with the inside of a Mac Pro, it's definitely much more convoluted and it was here that I really came to appreciate the design of the Mac Pro interior, which is almost as elegant in appearance as the outside. This definitely looks like it was designed by an engineer who would never have to open the box up. The Mac Pro is designed to be very easy to access with most everything tucked out of sight.
It's kind of ugly, but definitely functional. All those blue plastic elements you see represent sections that can be moved or removed to access various areas inside the machine as you'll see in the next photo.
PCI cover on the right swings out of the way to get to the PCI slots (it actually swings out even further than this.) The hard drive on the bottom left drops down out of the way to get to the RAM. Even the Dual Processor riser comes completely out of the machine to make for easier access to the RAM and PCI slots.
One more surprise is how flimsy the system feels when the side cover is off. Working with the inside of the machine generally requires laying the machine on its side and back up again. When I laid it down, I could feel the machine torque a little, that is it twisted a bit. The steel frame is not rigid because the metal is pretty thin. For those who have never used a Mac Pro, it's made from a very rigid metal frame that has no give at all, with or without the side cover on. Grabbing at two corners of this machine, I could easily twist it around a bit when the cover was off. I'm sure it's nothing to be really concerned about, it just surprised me because it felt so rigid with the cover on.
Speaking of the inside, I absolutely positively hate the design of the PCI card area. I kind of understand what they were going for, but this design creates quite the annoying workflow for the end user. As I said in the description, Dell included a Belkin 3 Port FW800 card, but it came separately so I had to install it.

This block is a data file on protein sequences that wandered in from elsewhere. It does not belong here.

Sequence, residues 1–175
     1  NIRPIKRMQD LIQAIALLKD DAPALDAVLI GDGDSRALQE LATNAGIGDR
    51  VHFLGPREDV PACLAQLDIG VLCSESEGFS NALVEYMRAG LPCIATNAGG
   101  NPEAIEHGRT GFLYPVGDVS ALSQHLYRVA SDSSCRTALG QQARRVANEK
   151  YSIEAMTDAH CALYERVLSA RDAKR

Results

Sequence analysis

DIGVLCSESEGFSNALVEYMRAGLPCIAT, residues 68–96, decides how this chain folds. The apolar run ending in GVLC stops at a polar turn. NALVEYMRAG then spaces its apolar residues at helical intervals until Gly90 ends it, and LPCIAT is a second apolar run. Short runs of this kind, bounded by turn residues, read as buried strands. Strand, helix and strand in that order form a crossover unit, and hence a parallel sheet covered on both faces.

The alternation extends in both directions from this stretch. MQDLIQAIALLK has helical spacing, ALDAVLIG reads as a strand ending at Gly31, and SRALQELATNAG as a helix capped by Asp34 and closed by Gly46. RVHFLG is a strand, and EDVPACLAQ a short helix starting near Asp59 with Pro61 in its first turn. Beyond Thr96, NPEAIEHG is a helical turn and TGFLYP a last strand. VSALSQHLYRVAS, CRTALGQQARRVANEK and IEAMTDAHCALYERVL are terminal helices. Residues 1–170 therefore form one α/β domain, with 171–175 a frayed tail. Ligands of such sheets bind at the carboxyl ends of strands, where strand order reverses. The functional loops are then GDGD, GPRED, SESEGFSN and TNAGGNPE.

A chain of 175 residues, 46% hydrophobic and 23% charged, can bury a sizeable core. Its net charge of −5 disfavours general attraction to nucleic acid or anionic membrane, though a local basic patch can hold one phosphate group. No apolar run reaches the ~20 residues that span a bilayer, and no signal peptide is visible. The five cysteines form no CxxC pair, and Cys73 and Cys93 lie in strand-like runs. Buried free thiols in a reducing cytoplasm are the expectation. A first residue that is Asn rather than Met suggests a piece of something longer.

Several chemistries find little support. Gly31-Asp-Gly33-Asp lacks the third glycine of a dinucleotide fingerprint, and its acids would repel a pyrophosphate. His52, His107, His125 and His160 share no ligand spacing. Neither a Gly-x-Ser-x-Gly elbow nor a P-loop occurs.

This involved.... go around to the back of the machine to unscrew the PCI slot cover. Yes, this is on the outside back of the machine. I've never seen the screws on the outside.
Lay the machine its side and remove the PCI Cover to access the PCI slots. Again, it swings back even further than this, I just didn't get a picture of it. Install the card, close up the cover.
Then stand the machine up and go back around to the back of the machine and screw in the card.
I get what they're doing, no screws to fall around inside the computer. But coming from a Mac Pro perspective, it's annoying to have start outside the machine, go inside to set the card, then go back outside to secure the card. The no tools PCI locking system Apple has works so nicely that it kind of spoils me. Again, I get what Dell has done here and I guess this way is much better than screws falling inside the machine. Something to get used to.
And unfortunately, that's pretty much where Part 2 of this journey is going to end. I had hoped to start testing out Premiere Pro CS 5.5 today, but during a 6 hour period, the software would not download from Adobe's site.
The Adobe Installation Assistant kept hanging at about 3/4 completed on the download even after repeated restarts with the computer. It's not an internet issue because I downloaded the Mac version again on my iMac today and that worked in about 20 minutes. On the PC, it just would not work so all I could do was poke around with the machine and from what I could tell, the solid state boot drive made it quite snappy. Power On / Off were extremely fast. I did add the Stardock app to create a Mac OS styled dock to replace the Windows task bar. But that's pretty much it.
From an appearance perspective, the Dell is not much to look at, but then there isn't a single PC I've ever seen that is nice to look at like the Mac Pro. Of course the machine is destined to sit in our machine room, so who cares what it looks like on the outside so long as the performance is there to meet our needs.
The next steps will be to try to get Adobe Premiere Pro downloaded and then install an AJA Kona LHi into the machine and see what happens when it gets into production. I'll update with Part 3 as soon as we're able to get this thing running with the software so we can start properly evaluating this thing.